Despite being the last FOMC meeting before the ever-expected rate hike in September , there was a whole bunch of nothing in markets before and even after the policy statement. Even the typical knee-jerk was less than on prior meetings. Maybe traders have come to expect so very little from the policy statement, focusing more on the inanities and silliness of the broader minutes. Whatever the policy thinking, markets were not much moved.
If anything, there was the familiar “dollar” bias of the past few weeks, which is not a positive sign. Copper remained slightly higher throughout the session, with August futures picking up a penny to stay above $2.40, unmatched to the 13:00 CT statement issuance. WTI futures, on the other hand, gave back half the gains accrued at the open (likely more so on production cuts) without really much volatility – a negative drift rather than a forceful execution of any change in policy expectations.
Even eurodollar futures were decidedly unimpressed. The June 2017 contract, which I think is one of the more important and meaningful maturities in this policy context, spent most of the session going nowhere. With the eurodollar curve flattening again and sticking lower in the nearer terms, that is, again, not a positive signal as far as the “dollar” is concerned.
The only word of significance in the redline comparison to the prior statement is “some”, as in around the FOMC’s description of improvement in the labor market. In June, the statement read,
…it will be appropriate to raise the target range for the federal funds rate when it has seen further improvement in the labor market and is reasonably confident that inflation will move back to its 2 percent objective over the medium term.
…it will be appropriate to raise the target range for the federal funds rate when it has seen some further improvement in the labor market and is reasonably confident that inflation will move back to its 2 percent objective over the medium term. [emphasis added]
The qualification is odd, though I would like to hope that it is just a prank where the FOMC members, keenly aware of their unearned power and prestige to the point of the entire financial world and its captured media parsing single words, decided to the minimal change out of world-worn boredom. The balance to the change, however, seems to be a shrouded nod to the trap the FOMC has set for itself, one that has been in motion for longer than QE3. The asset bubbles are serious and it has always been the hope, diminished severely with time, that great and sustainable growth would cushion the policy withdrawal. That was even the fullest expression as late as a few months ago before the 5% GDP “certainty” of last year melted into the spring thaw of the “somehow” undeterred and gathering slump.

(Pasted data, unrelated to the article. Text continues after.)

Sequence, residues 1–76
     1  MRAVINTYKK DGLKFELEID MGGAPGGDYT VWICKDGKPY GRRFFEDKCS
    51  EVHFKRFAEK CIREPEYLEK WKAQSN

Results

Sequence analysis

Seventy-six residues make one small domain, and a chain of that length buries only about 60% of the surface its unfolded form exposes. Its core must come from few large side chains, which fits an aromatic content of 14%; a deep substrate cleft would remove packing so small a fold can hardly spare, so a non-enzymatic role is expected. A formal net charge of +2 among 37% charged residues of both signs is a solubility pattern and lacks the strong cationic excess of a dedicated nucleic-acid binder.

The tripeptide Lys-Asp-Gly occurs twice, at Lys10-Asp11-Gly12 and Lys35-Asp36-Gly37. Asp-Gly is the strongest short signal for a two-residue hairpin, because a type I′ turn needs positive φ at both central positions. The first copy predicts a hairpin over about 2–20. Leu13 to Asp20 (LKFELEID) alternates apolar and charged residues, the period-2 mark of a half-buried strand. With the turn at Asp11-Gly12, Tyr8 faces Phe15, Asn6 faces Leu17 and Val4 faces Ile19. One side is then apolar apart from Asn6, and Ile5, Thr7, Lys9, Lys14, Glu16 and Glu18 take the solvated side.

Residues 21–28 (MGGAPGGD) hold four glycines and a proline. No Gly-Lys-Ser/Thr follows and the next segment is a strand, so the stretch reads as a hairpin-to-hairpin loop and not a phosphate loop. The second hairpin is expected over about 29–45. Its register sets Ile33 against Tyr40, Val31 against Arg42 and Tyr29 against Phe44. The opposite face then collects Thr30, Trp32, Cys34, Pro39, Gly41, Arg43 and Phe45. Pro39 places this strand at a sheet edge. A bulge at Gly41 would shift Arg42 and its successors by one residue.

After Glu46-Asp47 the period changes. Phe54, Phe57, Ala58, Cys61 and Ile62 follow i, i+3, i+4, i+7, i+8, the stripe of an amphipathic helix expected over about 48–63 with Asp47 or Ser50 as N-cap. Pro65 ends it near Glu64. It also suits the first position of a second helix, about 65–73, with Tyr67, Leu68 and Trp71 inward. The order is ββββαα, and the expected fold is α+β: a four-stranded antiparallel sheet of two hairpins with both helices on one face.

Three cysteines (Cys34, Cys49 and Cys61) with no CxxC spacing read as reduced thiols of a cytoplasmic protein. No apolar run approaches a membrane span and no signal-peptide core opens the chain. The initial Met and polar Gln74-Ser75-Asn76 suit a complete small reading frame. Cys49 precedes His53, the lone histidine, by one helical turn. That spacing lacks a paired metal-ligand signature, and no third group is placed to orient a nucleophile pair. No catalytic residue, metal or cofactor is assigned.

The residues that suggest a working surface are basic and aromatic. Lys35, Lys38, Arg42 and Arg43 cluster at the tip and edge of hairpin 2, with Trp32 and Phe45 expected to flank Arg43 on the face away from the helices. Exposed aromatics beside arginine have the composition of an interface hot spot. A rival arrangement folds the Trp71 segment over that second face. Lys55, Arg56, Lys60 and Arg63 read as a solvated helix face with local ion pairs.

The word “some” as an addition may yet signal the two sides of the problem, that the asset bubbles can no longer be supported as they seem to be but that the economy will be whatever the economy will be; some labor market improvement is apparently deemed now as good as it may get.
This isn’t that far out of line with recent pronouncements, as Janet Yellen in her last speech as much admitted that there was more than a tinge of illusion to the unemployment rate, and that was significant. Recall:
The low unemployment rate “does not fully capture the extent of slack,” she said. “I think a significant number of individuals still are not seeking work because they perceive a lack of good job opportunities and that a stronger economy would draw some of them back into the labor force.
To my view, that is “some.”
Whether or not the FOMC ever gets that far is almost moot, as if the longer-term readings on credit and the “dollar” suggest that at this point the FOMC proclivity is only to make a very bad situation, growing worse all the time, even more problematic. The trap was always about the grand imbalances no longer feasible regardless of what the FOMC does, and that seems to be the approach in 2015, almost as if the FOMC is reaching a PBOC moment.
The financial side of the equation seems set upon its course no matter what they do, so again there is a lot here that is given far more significance than it really deserves (of which I am guilty right now). If there is a summation to all this, it is that the FOMC’s decision has very little to do with the economy, except that the distinct and obvious lack of progress, with 2015 slumping further away, complicating all of it. To that end, that view hasn’t changed since November 20, 2013, so the rest of this is just, as markets did today, probably worth ignoring.